**Output:**

For getting into further in-depth matrix multiplication using Pytorch please refer to this article.

**Pytorch Modules**

The PyTorch library modules are essential to create and train neural networks. The three main library modules are Autograd, Optim, and nn.

**# 1. Autograd Module: **The autograd provides the functionality of easy calculation of gradients without the explicitly manual implementation of forward and backward pass for all layers.

For training any neural network we perform backpropagation to calculate the gradient. By calling the .backward() function we can calculate every gradient from the root to the leaf.

**Code:**

## Python3

`# importing torch` `import` `torch` `# creating a tensor` `t1` `=` `torch.tensor(` `1.0` `, requires_grad ` `=` `True` `)` `t2` `=` `torch.tensor(` `2.0` `, requires_grad ` `=` `True` `)` `# creating a variable and gradient` `z` `=` `100` `*` `t1 ` `*` `t2` `z.backward()` `# printing gradient` `print` `(` `"dz/dt1 : "` `, t1.grad.data)` `print` `(` `"dz/dt2 : "` `, t2.grad.data)` |

**Output:**

**# 2. Optim Module:** PyTorch Optium Module which helps in the implementation of various optimization algorithms. This package contains the most commonly used algorithms like Adam, SGD, and RMS-Prop. To use torch.optim we first need to construct an Optimizer object which will keep the parameters and update it accordingly. First, we define the Optimizer by providing the optimizer algorithm we want to use. We set the gradients to zero before backpropagation. Then for updation of parameters the optimizer.step() is called.

optimizer = torch.optim.Adam(model.parameters(), lr=0.01) #defining optimizer

optimizer.zero_grad() #setting gradients to zero

optimizer.step() #parameter updation

**# 3. nn Module:** This package helps in the construction of neural networks. It is used to build layers.

For creating a model with a single layer we can simply define it by using nn.Sequential().

model = nn.Sequential( nn.Linear(in, out), nn.Sigmoid(), nn.Linear(_in, _out), nn.Sigmoid() )

For the implementation of the model which is not in a single sequence, we define a model by subclassing the nn.Module class.

## Python3

`class` `Model (nn.Module) :` ` ` `def` `__init__(` `self` `):` ` ` `super` `(Model, ` `self` `).__init__()` ` ` `self` `.linear ` `=` `torch.nn.Linear(` `1` `, ` `1` `) ` ` ` `def` `forward(` `self` `, x):` ` ` `y_pred ` `=` `self` `.linear(x)` ` ` `return` `y_pred` |

** PyTorch Dataset and Dataloader**

The torch.utils.data.Dataset class contains all the custom datasets. We need to implement two methods, __len__() and __get_item__(), to create our own dataset class.

The PyTorch Dataloader has an amazing feature of loading the dataset in parallel with automatic batching. It, therefore, reduces the time of loading the dataset sequentially hence enhancing the speed.

Syntax:DataLoader(dataset, shuffle=True, sampler=None, batch_sampler=None, batch_size=32)

The PyTorch DataLoader supports two types of datasets:

- Map-style datasets: The data items are mapped to the indexes. In these datasets, the __get_item__() method is used to retrieve the index of each item.
- Iterable-style datasets: In these datasets __iter__() protocol is implemented. The data samples are retrieved in sequence.

Please refer to the article on Using a DataLoader in PyTorch to know more.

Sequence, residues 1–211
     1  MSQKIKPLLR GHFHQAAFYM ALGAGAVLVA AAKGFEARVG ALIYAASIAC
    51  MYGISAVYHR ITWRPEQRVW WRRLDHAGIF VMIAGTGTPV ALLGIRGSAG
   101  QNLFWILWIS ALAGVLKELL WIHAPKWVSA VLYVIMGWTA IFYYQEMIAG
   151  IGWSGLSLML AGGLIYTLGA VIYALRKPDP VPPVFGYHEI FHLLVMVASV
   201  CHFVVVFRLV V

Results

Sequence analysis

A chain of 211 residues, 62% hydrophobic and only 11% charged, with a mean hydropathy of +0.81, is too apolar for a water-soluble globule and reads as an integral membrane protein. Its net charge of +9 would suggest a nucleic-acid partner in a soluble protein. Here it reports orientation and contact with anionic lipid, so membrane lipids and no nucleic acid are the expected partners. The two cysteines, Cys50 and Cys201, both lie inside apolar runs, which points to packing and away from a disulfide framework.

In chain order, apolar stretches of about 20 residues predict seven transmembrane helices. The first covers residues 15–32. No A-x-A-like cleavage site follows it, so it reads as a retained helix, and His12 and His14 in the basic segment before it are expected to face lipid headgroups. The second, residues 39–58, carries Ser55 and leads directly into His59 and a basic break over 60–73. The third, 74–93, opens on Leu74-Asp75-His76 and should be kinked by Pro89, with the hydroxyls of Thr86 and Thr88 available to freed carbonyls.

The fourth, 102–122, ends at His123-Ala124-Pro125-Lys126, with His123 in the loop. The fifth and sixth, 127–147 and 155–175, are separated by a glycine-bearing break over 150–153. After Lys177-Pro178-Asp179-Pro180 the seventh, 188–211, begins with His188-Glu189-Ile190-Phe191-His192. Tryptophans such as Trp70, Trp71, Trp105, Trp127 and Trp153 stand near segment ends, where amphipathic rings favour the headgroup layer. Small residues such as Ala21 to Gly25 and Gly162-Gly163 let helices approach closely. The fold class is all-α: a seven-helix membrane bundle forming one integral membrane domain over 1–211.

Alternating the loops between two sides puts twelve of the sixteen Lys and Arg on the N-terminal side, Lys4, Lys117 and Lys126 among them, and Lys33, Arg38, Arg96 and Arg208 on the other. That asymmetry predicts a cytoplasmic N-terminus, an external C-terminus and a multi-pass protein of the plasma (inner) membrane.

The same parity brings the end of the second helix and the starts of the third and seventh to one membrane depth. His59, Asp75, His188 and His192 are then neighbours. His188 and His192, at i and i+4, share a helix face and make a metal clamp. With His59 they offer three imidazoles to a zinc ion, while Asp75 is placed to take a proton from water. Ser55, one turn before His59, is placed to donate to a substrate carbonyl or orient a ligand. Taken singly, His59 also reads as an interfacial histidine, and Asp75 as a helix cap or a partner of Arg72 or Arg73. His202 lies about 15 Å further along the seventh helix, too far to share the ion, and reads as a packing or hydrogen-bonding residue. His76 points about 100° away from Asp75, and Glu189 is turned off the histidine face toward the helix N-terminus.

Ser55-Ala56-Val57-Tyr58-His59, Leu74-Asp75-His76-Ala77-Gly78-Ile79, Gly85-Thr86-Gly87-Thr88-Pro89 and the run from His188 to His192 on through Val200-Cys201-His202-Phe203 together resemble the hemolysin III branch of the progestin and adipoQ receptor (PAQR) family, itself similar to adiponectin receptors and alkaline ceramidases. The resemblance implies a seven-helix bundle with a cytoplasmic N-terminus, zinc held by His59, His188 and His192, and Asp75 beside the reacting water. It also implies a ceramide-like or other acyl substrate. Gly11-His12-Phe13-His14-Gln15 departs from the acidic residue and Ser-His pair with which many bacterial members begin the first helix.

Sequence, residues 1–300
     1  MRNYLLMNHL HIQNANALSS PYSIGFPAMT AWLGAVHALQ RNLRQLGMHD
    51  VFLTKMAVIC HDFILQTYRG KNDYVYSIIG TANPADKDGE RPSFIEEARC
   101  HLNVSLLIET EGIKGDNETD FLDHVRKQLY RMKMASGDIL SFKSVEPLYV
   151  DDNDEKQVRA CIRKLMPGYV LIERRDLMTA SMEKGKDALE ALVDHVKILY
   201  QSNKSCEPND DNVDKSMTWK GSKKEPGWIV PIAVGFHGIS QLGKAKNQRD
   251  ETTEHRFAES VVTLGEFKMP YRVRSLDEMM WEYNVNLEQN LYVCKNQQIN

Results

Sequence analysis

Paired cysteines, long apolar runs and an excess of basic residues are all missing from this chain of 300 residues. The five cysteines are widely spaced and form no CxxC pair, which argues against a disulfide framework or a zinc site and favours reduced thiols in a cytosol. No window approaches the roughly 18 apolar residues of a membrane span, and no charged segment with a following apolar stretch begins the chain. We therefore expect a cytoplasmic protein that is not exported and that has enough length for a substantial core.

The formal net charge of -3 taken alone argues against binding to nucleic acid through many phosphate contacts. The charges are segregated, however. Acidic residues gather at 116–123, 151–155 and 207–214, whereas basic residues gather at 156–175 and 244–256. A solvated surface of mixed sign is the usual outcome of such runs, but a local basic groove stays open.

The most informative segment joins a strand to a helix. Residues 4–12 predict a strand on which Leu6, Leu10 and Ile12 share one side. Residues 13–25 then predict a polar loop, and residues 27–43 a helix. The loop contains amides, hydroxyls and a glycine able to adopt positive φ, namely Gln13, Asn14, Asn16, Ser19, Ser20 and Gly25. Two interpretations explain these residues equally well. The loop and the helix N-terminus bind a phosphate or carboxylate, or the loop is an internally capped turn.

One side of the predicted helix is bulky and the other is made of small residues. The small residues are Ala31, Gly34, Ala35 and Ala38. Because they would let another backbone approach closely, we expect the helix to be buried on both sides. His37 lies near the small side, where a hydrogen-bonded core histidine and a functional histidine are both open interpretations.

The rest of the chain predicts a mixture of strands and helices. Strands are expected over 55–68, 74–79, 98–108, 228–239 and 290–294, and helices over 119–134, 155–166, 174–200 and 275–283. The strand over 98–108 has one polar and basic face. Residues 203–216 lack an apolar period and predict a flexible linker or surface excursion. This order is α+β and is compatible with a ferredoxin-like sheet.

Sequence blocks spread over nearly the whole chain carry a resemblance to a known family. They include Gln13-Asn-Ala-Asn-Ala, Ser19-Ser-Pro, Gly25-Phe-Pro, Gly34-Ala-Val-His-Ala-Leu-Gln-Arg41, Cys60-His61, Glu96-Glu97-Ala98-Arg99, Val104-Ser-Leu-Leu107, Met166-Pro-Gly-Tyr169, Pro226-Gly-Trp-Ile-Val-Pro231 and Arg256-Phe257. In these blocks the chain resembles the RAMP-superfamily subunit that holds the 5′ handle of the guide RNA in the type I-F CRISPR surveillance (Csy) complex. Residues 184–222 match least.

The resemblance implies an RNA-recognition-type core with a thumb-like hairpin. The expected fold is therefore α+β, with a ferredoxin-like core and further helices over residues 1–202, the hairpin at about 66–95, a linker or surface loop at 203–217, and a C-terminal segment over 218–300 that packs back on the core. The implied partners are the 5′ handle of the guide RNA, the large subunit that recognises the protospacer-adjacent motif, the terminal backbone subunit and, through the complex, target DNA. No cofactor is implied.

**Building Neural Network with PyTorch**

**We will see this in a stepwise implementation:**

**Dataset Preparation:**As everything in PyTorch is represented in the form of tensors, so we should first in tensors.**Building model:**For building a neutral network first we first define the number of input layers, hidden layers, and output layers. We also need to define the initial weights. The values of the weights matrices are chosen randomly using torch.randn(). Torch.randn() returns a tensor consisting of random numbers from a standard normal distribution.**Forward Propagation:**The data is fed to a neural network and a matrix multiplication is performed between the weights and input. This can be easily done using a torch.**Loss computation:**PyTorch.nn functions have multiple loss functions. Loss functions are used to measure the error between the predicted value to the target value.**Backpropagation:**It is used for optimizing weights. The weights are changed such that the loss is minimized.

Now let’s build a neural network from scratch:

## Python3

`# importing torch` `import` `torch` `# training input(X) and output(y)` `X ` `=` `torch.Tensor([[` `1` `], [` `2` `], [` `3` `],` ` ` `[` `4` `], [` `5` `], [` `6` `]])` `y ` `=` `torch.Tensor([[` `5` `], [` `10` `], [` `15` `],` ` ` `[` `20` `], [` `25` `], [` `30` `]])` `class` `Model(torch.nn.Module):` ` ` `# defining layer` ` ` `def` `__init__(` `self` `):` ` ` `super` `(Model, ` `self` `).__init__()` ` ` `self` `.linear ` `=` `torch.nn.Linear(` `1` `, ` `1` `)` ` ` ` ` `# implementing forward pass` ` ` `def` `forward(` `self` `, x):` ` ` `y_pred ` `=` `self` `.linear(x)` ` ` `return` `y_pred` `model ` `=` `torch.nn.Linear(` `1` `, ` `1` `)` `# defining loss function and optimizer` `loss_fn ` `=` `torch.nn.L1Loss()` `optimizer ` `=` `torch.optim.Adam(model.parameters(), lr ` `=` `0.01` `)` `for` `epoch ` `in` `range` `(` `1000` `):` ` ` ` ` `# predicting y using initial weigths` ` ` `y_pred ` `=` `model(X.requires_grad_())` ` ` `# loss calculation` ` ` `loss ` `=` `loss_fn(y_pred, y)` ` ` `# calculating gradients` ` ` `loss.backward()` ` ` `# updating weights` ` ` `optimizer.step()` ` ` `optimizer.zero_grad()` `# testing on new data ` `X ` `=` `torch.Tensor([[` `7` `], [` `8` `]])` `predicted ` `=` `model(X)` `print` `(predicted)` |

**Output:**